A gentleman who contributed his talent, time and money to better Temple University and other charities throughout the Philadelphia area has passed on, but the memory of his dedication to helping others will live on forever. Temple University was privileged to have Eugene "Fitz" Dixon serve on its Board of Trustees and assist with helping Temple achieve the success that it now knows.
Dixon's family ancestors included P.A.B. Widener, who was known as the "traction king" and who had a hand in the establishment of the streetcar lines in Philadelphia, Chicago, New York, Pittsburg, and Baltimore. The Southeast Transportation Society (SEPTA) originated from the Widener lines.
Dixon taught at the Episcopal Academy in Philadelphia and served on the board of governors for many fine organizations in the Philadelphia area. He was instrumental in not only helping his students at Episcopal, but helped many metropolitan-area students achieve success.
Fitz Dixon is survived by his wife, Edith (Robb), his son, George Weidner Dixon, and daughter, Ellin Dixon Miller. Burial will be private and a memorial service will be held in September.
After a lifetime of public service as minister, professor, college president, ambassador, and statesman, Glenn A. Olds passed away at age 86 this past March. Glen Olds was raised in Oregon. He attended Willamette University and Garrett Theological Seminary, and was an ordained Methodist Minister serving churches throughout the Midwest. He achieved his Ph.D. in Philosophy from Yale University in 1948 and was appointed professor of philosophy at Depauw University, Garrett and Northwestern. He also taught at eight other institutions, including American University and Portland State University.
At age 37 he became President of Springfield College in Massachusetts and in 1965 was appointed University Dean for International Studies and World Affairs in the State University of New York system. Olds served under four U.S. Presidents (Eisenhower, Kennedy, Johnson, and Nixon) as consultant to the Peace Corps, principal architect of VISTA in the War on Poverty, Special Assistant for Policy and Manpower Development to President Nixon, and U.S. Ambassador to the United Nations Economic and Social Council. He took over the presidency at Kent State in 1971, and undertook the daunting task of healing a university still troubled by that University's tragedy. In 1977, he tackled the challenge of reopening Alaska Pacific University, the liberal arts Methodist college, in Anchorage, Alaska, and served as president. In 1986 he ran a close race as the Democratic candidate for the U. S. Senate in Alaska. He served as President and C.E.O. of the Fetzer Foundation and Ted Turner's Better World Society; but Olds returned to Alaska to work with Governor Hickel as commissioner of Commerce and Economic Development and of Natural Resources.
During his term at the Fetzer Foundation he was instrumental in the Center for Frontier Sciences obtaining a matching grant, and he attended various conferences hosted by the Center in its early years.
Glen Olds is survived by his wife, Dr. Eva B. Olds, his daughter, Dr. Linda E. Olds professor of psychology and religious studies at Linfield College, and his son, Dr. G. Richard Olds, chairman of Medicine at Medical College of Wisconsin. He is also survived by his daughter-in-law and grandchildren.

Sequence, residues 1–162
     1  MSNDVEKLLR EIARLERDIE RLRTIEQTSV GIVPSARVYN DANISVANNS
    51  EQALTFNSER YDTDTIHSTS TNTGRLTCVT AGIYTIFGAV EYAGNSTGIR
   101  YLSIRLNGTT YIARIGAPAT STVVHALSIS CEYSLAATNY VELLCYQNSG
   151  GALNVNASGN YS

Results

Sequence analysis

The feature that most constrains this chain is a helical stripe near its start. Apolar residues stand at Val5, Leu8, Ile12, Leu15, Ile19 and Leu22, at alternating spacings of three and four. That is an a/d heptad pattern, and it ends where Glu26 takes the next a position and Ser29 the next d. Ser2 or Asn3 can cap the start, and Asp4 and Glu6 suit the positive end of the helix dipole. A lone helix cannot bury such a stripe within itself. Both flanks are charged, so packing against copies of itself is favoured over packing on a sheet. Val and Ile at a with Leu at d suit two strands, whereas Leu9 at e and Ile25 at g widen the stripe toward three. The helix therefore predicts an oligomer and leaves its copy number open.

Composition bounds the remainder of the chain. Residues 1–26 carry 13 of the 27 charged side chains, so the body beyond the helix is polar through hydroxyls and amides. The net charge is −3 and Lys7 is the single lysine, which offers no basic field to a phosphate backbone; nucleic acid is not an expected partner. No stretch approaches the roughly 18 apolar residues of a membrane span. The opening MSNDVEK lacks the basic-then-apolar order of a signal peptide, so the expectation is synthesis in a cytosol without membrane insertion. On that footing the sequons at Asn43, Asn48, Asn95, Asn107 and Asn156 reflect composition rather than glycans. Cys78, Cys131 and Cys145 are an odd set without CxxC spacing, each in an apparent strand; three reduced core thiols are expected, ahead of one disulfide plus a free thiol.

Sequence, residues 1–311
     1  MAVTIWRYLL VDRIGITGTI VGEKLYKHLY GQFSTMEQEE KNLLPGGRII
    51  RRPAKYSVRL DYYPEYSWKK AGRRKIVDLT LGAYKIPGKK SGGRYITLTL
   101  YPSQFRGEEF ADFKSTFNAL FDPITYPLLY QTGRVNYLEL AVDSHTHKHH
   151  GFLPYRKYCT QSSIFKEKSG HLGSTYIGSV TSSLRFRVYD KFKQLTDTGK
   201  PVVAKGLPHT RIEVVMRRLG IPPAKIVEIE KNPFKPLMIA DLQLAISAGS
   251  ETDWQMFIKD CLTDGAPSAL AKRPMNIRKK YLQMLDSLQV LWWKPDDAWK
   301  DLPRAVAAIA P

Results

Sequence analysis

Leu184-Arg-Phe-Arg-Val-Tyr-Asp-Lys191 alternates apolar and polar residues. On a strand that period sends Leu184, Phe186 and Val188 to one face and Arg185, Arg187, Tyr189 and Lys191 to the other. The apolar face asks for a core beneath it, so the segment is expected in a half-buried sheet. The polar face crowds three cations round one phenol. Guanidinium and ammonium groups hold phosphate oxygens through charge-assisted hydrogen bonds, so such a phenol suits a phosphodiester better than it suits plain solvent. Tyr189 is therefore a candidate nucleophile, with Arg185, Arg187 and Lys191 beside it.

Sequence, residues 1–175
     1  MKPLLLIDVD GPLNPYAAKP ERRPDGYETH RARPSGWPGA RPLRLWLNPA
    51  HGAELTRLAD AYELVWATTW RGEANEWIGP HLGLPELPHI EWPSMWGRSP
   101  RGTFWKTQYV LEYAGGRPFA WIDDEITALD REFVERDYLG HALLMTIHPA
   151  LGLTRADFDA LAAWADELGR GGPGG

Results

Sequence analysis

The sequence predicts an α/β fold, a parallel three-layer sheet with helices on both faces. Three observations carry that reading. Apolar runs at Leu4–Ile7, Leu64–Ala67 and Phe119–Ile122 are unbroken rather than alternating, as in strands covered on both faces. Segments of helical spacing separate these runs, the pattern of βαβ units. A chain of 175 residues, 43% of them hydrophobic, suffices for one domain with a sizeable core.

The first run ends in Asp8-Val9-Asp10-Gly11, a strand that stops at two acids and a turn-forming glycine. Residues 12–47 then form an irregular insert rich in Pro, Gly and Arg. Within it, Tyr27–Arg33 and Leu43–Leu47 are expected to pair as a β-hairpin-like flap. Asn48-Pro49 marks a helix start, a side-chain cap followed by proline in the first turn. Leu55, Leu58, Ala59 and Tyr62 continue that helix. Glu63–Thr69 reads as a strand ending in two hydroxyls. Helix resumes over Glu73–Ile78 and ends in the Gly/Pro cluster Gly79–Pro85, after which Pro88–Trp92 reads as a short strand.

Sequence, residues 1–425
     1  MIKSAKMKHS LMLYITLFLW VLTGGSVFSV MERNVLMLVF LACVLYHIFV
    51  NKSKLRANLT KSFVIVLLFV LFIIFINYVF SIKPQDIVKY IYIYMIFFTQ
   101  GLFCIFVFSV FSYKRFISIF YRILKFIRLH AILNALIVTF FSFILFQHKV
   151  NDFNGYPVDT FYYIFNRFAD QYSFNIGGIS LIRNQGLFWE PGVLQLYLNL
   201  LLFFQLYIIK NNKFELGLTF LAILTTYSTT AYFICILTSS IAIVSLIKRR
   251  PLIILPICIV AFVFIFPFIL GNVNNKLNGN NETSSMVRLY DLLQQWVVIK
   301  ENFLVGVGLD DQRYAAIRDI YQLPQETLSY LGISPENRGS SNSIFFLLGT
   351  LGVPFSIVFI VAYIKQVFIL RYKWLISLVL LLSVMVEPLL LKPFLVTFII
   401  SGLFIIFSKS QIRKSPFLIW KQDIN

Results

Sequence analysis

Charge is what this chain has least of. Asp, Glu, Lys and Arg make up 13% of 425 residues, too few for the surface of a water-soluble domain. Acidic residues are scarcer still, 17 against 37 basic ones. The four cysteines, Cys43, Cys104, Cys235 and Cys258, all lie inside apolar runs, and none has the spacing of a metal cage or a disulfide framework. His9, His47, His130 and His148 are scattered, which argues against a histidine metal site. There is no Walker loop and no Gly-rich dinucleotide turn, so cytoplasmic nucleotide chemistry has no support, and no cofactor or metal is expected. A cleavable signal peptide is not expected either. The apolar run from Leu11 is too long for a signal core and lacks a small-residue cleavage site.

Stanley C. Tuttleman
Philanthropist and businessman Stanley C. Tuttleman died in August at age 87. Tuttleman, along with his wife Edna, was a committed supporter and generous friend of Temple University and numerous institutions in the Philadelphia region, donating his time and wealth to worthy causes. The landscape of Temple's Main Campus changed dramatically because of Tuttleman's philanthropy. In 1999, the Tuttleman Learning Center opened, which was the first academic building constructed on campus in 20 years and also ushered in a new era of building up Temple's campus.
Tuttleman was a 1940 graduate of the University of Chicago and earned his bachelor's degree in economics. He joined the Army in 1942 and saw action in World War II, and was awarded the Bronze Star Medal. After his discharge in 1945 he worked for the Wilson Bros. Clothing manufacturing plant in West Virginia, where he stayed until moving back to Philadelphia in 1953.
Tuttleman earned his wealth through his ventures in clothing manufacturing. He started the Quakertown shirt manufacturers and in 1960 he opened his first store. In the 1970s, he co-founded Mast Industries, which became one of the world's largest clothing manufacturers. He sold the company to The Limited in 1979 and in 1980 he founded Midshipman, which sold women's sportswear to Season's Best stores. Tuttleman also opened what are considered the first outlet stores and sold those in 1990.
The Philadelphia region has felt the impact of Tuttleman's generosity. He has funded the Tuttleman Contemporary Art Gallery at the Philadelphia Museum of Art, the Franklin Institute's Tuttleman Omniverse Theater, the Tuttleman Library at Gratz College, the Tuttleman Chapel at Temple Adath Israel, the Tuttleman Imaging Center at Graduate Hospital, and the Tuttleman Sculpture Gallery at the Pennsylvania Academy of the Fine Arts.
Stanley Tuttleman is survived by his wife, Edna, their sons Steven and David and daughter Jan, his stepchildren Zev Guber and Carol Guber, and 10 grandchildren.